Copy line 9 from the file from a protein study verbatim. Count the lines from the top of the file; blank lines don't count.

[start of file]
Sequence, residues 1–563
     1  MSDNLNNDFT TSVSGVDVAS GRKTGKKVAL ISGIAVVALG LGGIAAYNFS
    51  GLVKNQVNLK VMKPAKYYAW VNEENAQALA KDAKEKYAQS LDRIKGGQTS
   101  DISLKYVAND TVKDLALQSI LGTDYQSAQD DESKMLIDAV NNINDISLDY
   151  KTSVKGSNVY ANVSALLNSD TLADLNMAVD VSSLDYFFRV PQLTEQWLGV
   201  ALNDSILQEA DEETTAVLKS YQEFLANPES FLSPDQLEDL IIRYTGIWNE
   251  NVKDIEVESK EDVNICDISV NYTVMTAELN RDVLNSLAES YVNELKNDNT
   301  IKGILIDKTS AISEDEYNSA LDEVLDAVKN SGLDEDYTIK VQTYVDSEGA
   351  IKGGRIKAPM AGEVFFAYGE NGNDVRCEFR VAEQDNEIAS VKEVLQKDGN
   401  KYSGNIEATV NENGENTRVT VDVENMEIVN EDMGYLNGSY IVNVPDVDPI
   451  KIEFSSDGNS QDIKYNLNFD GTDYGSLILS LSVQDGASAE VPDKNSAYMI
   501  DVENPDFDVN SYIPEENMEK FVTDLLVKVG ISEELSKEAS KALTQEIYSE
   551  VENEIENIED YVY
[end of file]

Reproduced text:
   351  IKGGRIKAPM AGEVFFAYGE NGNDVRCEFR VAEQDNEIAS VKEVLQKDGN